The Parable of the Ten Virgins

Text: Matthew 25:1-13

Reflection and Question: This story is read every Advent as the church awaits the coming of the baby Jesus. It advises being ready no matter how long the wait. The standard translation of the Greek word here is “bridesmaids” even though the literal English meaning is “virgins.” Recently a friend brought to my attention that these girls were not bridesmaids at all, but potential brides. As no bride is mentioned, it fits that the groom was coming to take a wife from the ten possibilities. That certainly fits ancient understanding of marriage and ratchets up the gain for the ones who were ready, despite the long wait. Does seeing the virgins as potential brides change your reading of this story?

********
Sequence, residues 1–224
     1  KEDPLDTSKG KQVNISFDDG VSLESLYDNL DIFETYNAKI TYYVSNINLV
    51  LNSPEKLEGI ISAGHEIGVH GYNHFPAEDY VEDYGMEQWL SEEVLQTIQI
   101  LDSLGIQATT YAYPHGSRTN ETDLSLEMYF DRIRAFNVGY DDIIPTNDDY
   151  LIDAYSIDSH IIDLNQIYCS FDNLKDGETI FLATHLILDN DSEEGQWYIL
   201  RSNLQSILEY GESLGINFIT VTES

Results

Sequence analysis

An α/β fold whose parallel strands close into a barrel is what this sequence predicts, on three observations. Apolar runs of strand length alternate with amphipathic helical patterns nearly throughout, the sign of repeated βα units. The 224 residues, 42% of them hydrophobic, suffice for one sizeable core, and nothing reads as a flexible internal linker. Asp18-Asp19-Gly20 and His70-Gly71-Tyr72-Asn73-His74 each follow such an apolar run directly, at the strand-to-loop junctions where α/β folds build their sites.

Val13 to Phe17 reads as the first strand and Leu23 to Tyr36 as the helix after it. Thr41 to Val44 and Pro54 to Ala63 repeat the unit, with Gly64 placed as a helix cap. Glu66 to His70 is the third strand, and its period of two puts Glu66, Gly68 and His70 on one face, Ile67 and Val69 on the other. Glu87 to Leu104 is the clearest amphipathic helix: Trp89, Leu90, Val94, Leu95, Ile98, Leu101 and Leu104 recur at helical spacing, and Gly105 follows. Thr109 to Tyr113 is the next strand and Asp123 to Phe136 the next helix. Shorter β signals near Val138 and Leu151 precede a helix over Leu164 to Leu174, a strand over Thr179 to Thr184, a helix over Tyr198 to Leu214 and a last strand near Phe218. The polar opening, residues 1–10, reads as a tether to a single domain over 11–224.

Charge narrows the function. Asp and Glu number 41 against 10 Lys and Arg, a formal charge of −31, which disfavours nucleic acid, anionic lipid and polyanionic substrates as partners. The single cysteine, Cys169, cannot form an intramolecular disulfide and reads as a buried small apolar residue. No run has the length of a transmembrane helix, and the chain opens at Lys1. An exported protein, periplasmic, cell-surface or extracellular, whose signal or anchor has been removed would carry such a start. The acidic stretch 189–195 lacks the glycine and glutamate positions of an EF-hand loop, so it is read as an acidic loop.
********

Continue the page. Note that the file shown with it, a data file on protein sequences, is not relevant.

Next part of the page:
Prayer: Wake, awake, for night is flying; the watchmen on the heights are crying:
Awake, Jerusalem, at last!
Midnight hears the welcome voices and at the thrilling cry rejoices:
Come forth, ye virgins, night is past;
The Bridegroom comes, awake! Your lamps with gladness take: Alleluia!
And for his marriage feast prepare, for ye must go and meet him there.

This meditation is based on the Daily Lectionary Year 2 from the Book of Common Worship for the Presbyterian Church (U.S.A.) (1993).